When we set up Airsource, we set it up as a BREW consultancy. We rapidly sold a number of BREW projects, and built on the expertise we had acquired while at QUALCOMM. In the process, however, we inevitably found ourselves working on other software platforms, particularly on Series 60, which now accounts for about half of Airsource's work. Series 60 and BREW are often held up as competitors, though in practice I would argue quite strongly that they target very different markets.
A BREW phone, such as the Motorola V3M has a primary display is 176x220, it has 23MB of memory, and a processor clocked at perhaps 40MHz. A Nokia E65 costs nearly twice as much, has twice as many pixels, can store five times as much, and runs fives times faster. Pundits will immediately point out that the V3M is a pretty slow example of a BREW phone. That's certainly true, but the V3 series accounts for a very significant fraction of the US market for BREW phones. The Nokia E65 is similarly chosen for comparison as an example of a popular Series 60 v3 phone.
Comparing the two is pointless. The BREW phone is clearly a much lighter-weight platform, targetted primarily at games. The Symbian phone has considerably more memory, more storage, faster CPU, and generally faster network data transfer. It is also significantly harder to program for - in the same way that coding for a Windows XP PC requires rather more knowledge than writing a program in BBC BASIC did. A Symbian phone is simply more capable than a BREW one, and consequently the APIs are richer, and the learning curve steeper.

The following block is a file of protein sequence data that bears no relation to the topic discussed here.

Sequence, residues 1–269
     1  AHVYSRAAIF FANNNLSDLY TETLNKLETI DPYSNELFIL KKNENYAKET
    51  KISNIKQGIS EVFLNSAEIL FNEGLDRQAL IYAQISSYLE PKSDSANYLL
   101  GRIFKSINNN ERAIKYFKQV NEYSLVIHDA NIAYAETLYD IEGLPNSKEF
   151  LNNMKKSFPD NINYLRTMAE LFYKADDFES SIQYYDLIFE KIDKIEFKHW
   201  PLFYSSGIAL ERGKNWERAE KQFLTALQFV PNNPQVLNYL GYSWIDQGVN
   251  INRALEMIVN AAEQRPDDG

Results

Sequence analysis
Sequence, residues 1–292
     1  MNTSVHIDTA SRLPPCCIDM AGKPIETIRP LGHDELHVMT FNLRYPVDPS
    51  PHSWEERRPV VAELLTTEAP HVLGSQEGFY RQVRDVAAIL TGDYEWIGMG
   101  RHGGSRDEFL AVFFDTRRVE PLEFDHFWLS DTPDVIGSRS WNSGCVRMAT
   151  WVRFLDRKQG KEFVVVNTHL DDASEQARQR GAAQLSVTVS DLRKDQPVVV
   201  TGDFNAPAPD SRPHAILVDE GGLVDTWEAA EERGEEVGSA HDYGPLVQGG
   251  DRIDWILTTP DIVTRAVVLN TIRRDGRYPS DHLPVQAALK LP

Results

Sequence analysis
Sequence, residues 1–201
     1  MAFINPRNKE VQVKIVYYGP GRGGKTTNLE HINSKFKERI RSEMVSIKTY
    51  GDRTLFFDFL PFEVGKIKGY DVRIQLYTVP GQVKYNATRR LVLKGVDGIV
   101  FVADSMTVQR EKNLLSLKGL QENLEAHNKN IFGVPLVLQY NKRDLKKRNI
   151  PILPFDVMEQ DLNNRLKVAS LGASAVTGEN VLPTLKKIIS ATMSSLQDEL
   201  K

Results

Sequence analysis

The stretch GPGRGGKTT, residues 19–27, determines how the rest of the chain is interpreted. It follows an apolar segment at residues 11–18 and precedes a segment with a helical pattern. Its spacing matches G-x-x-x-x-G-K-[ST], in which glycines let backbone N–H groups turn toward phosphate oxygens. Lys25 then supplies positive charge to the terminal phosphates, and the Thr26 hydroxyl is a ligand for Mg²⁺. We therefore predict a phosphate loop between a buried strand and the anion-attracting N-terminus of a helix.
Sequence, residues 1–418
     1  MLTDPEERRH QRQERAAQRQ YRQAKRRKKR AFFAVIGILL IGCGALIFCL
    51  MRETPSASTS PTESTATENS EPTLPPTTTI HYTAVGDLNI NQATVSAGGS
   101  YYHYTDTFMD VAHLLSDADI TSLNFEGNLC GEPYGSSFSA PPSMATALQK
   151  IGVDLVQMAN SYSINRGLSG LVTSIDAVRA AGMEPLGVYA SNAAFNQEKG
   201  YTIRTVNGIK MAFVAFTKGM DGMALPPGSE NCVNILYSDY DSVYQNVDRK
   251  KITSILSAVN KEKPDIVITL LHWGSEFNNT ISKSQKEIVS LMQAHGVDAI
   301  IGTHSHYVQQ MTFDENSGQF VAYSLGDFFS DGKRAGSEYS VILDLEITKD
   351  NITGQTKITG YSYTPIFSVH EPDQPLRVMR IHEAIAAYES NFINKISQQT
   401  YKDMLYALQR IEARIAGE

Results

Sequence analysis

That's not to say that that Airsource's clients do not want to target their application at both BREW and at Symbian. They absolutely do. But the Symbian application will always have more functionality and tighter device integration than the BREW application, in the same way that a dedicated BREW application will have more functionality and tighter device integration than a web-based application. Clients come to us because they want to get the most out of the phone, and to do things that are non-trivial, whether that be linking into the messaging menu of a Symbian phone, porting a multi-process application to BREW, or simply writing an application that Just Works.
What this means is that while the mobile market is certainly split into markets that may not directly compete with every other platform, they form an overlapping whole that represents the mobile space. Companies want to get their application "on mobile", and by that, they mean on the maximum number of phones, with users who will spend money, for as little cost as possible. Choice of platform, like Symbian, or BREW, is therefore just a business decision, not a technical one.